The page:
What can we expect next from you?

Big things. We’ve got loads of projects we started before the livestream that are still on-going. We’ve got a monthly release on our label, and we released the first one last March. It’s all on our Bandcamp page. The first project was our EP launch. We put out a 30-track compilation of all South Asian artists and producers, which was our way into the industry, and we used that to raise money for the human rights charity Restless Beings.

We’re now keeping the monthly release going, but it’ll be just one track per month instead of 30. I don’t know how much else I can say. Expect… things. We’re going to move away from the online world, which is a given, and we have things in place for that to happen, but we’ll still keep that DIY online culture going, because it’s what made us. We will never stop giving South Asians opportunities and a platform, that’s for sure.


Who are you and what kind of music do you represent?

I run Late Night Shopper, which is now a live streaming-based radio station run out of Venue MOT Unit 20 every week. We represent underground community UK music, and London music. Just the London underground scene. We’re not genre specific, we just get artists and DJs who are interesting and are trying to say something different with their music, and who aren’t trying to go down the same path as everyone else. We’re just trying to support it and give it more exposure.

We had eight wheelups in the last set. We’re doing it in a club space, but it’s a livestream, so people are a bit less inhibited. But it’s still got the right kind of adrenaline. There aren’t many people in the room, but it feels like there are a lot of people, still.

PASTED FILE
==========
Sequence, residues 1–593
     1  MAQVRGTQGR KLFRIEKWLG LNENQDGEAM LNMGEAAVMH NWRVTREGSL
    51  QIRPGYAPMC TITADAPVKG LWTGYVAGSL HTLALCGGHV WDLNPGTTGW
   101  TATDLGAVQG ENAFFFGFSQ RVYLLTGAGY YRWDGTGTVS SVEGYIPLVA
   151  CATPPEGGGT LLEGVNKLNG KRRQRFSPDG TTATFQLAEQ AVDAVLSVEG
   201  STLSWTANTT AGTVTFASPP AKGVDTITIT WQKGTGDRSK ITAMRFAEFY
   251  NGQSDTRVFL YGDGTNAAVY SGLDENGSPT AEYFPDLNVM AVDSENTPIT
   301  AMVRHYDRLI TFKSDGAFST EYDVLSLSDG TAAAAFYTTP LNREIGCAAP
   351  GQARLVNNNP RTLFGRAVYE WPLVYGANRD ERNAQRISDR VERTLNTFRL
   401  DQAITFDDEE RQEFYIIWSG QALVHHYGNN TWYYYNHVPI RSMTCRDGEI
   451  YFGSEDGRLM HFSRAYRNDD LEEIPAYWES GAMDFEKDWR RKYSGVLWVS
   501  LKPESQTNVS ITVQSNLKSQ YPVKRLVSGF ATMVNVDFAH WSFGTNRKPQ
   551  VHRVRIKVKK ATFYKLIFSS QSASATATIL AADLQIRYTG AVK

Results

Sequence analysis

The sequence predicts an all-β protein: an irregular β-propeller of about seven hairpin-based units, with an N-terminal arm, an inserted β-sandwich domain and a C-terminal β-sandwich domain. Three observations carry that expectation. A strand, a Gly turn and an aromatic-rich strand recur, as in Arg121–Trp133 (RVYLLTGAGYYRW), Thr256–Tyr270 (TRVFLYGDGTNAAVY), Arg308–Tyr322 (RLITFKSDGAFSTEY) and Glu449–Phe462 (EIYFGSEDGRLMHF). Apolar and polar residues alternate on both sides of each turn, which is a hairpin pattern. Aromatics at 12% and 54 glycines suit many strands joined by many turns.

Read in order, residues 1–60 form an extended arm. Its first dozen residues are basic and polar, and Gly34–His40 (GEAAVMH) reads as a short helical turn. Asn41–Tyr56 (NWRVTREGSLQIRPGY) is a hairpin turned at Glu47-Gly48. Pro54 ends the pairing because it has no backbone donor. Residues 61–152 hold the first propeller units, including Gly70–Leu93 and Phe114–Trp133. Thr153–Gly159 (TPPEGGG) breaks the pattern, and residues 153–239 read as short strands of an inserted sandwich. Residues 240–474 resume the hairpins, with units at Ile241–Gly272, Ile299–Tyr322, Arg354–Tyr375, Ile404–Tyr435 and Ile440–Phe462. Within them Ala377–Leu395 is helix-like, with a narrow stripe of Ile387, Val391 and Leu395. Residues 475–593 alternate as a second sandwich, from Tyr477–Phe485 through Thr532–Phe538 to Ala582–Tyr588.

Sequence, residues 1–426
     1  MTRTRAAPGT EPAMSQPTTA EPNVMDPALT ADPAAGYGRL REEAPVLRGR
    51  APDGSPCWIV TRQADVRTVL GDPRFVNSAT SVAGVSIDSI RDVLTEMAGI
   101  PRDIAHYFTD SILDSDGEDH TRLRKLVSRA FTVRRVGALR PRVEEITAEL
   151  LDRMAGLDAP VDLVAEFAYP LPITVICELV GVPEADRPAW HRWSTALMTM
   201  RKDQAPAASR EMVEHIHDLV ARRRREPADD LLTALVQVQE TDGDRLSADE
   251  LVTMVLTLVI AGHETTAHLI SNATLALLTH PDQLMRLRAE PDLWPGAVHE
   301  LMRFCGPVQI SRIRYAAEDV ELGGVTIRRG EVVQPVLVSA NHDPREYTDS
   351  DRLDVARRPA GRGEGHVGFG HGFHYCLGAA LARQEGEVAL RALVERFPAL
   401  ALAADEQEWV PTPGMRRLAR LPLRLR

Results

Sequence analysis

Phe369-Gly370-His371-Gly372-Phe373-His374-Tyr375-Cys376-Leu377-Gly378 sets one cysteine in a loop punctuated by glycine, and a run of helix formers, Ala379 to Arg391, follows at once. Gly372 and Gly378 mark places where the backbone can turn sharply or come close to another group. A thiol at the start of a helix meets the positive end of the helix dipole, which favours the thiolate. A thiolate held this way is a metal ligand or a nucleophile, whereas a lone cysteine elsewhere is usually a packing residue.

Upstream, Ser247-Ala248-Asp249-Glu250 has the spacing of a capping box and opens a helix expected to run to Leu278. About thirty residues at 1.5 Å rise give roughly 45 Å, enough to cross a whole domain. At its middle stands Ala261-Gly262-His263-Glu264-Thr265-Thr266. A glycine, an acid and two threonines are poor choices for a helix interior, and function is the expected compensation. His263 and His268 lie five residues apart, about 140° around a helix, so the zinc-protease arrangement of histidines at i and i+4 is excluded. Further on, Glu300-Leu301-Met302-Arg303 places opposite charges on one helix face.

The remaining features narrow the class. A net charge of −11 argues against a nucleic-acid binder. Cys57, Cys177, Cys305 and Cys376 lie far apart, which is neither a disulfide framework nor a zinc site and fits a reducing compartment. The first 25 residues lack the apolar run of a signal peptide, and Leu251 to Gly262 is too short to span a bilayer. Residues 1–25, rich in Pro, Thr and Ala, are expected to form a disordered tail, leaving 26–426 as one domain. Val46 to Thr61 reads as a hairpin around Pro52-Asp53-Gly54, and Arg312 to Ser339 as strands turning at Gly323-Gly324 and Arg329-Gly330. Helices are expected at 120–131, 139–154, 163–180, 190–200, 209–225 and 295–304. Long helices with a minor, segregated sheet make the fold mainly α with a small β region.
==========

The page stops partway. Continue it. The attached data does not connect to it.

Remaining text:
What was the motivation to start streaming?

It was just a realisation that as an event, LNS wasn’t going to do any parties, and had no way to keep our engagement in the scene as a collective and as a platform. Personally, on a wider note, I’ve engaged with streams more than ever before due to COVID; there is a market like me stuck at home and wanting something different. I was quite disillusioned with streams and thought it wouldn’t have legs, but I realised later that there is a lot of worth in it, and people want to engage with it. It’s here to stay now.

What were you up to before you started – do you have any kind of background in the DIY scene?

We started as a party in Manchester, and were always involved in DIY culture there. We did a squat party with this collective Art on the Sly, and in Manchester I’d been playing these unlicensed parties in the city. I think the DIY aspect had always ben attached to it. Our friend Bella does our art, for example. We’re always trying to foster that “who do we know” thing, and make it more of a collective.
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What part did the pandemic play in your situation?